First Impressions Formed of Boys with Learning Disabilities and Attention Deficit Disorder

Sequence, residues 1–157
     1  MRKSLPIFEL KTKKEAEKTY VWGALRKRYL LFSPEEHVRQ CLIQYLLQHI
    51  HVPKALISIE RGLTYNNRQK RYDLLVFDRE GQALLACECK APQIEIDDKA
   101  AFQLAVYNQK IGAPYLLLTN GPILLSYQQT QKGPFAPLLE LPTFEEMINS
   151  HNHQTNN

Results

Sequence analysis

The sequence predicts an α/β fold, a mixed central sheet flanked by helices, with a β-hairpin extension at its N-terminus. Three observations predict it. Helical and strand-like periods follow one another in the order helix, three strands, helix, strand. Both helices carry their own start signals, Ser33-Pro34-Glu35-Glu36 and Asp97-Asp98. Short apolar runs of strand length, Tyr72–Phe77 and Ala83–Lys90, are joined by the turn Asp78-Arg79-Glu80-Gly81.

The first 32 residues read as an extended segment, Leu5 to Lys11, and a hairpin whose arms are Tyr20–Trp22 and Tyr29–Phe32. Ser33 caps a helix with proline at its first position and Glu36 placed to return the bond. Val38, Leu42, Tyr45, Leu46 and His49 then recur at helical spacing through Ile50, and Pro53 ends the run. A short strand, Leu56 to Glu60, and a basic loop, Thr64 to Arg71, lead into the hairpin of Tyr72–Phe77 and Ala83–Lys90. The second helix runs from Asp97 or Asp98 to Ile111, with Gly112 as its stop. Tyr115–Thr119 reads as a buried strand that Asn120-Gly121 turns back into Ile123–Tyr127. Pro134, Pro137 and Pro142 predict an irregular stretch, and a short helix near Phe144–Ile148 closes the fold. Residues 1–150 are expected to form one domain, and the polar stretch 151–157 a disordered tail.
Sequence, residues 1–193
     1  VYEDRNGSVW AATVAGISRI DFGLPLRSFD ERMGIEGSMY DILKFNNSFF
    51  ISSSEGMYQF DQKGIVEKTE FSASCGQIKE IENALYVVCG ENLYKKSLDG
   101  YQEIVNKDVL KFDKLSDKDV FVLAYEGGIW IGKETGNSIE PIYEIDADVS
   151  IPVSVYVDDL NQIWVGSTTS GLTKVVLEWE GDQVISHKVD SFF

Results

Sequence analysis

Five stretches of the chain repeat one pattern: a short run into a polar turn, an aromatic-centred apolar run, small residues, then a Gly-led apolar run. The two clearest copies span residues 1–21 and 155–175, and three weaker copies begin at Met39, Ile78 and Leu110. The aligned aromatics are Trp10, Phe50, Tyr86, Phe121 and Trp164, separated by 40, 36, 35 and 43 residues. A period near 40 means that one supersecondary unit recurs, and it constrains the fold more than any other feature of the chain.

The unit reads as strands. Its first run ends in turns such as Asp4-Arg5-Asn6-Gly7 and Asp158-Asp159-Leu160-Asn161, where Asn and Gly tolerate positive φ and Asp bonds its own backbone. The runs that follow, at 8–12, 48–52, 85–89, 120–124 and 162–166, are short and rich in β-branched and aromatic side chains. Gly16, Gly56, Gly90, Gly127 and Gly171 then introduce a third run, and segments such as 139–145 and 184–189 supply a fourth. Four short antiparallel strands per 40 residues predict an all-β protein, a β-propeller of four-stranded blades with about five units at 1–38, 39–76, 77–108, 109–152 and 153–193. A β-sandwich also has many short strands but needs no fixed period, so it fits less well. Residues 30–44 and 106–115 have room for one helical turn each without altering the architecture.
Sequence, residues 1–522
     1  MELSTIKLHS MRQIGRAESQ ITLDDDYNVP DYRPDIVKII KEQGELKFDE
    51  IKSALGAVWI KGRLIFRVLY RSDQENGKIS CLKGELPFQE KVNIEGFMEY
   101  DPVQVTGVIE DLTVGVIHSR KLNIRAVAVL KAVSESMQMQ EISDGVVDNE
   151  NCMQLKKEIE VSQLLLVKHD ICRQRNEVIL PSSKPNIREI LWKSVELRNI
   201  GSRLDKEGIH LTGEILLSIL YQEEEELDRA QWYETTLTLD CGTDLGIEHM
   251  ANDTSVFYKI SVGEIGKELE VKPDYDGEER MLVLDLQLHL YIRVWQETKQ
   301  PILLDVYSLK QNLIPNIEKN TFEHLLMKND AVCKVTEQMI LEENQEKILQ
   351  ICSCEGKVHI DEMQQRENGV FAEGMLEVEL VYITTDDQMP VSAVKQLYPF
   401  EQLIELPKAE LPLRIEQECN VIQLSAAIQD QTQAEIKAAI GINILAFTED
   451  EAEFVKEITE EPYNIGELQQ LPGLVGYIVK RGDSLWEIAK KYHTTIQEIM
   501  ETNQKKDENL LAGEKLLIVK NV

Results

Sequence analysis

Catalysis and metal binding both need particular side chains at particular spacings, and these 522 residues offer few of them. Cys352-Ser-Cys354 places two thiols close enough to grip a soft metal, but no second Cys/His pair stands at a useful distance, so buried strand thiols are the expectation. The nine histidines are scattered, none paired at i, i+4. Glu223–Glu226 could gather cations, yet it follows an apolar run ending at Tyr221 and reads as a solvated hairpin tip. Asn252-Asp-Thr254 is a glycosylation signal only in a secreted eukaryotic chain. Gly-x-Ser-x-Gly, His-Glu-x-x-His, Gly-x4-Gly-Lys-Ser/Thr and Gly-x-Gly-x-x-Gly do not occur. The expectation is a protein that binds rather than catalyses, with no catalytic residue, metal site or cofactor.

The present study examined the first impressions that are formed of boys with either learning disabilities (LD), attention deficit disorder (ADD), or both disorders, in an effort to understand better why they are so often unpopular with and rejected by their peers. The intent of the study was to remedy methodological problems of previous first-impression studies to determine whether devaluation of boys with either LD or ADD after a brief exposure is a reliable and valid finding. To this end, physical attractiveness data were gathered, children were employed as judges, subgroups of stimulus children were formed, and situational demands were varied. Results indicated that the boys with either LD or ADD were devalued relative to controls on a variety of dependent variables, including popularity. Both situational demands, as well as judgments of physical attractiveness, appeared to play a role in accounting for these differences.

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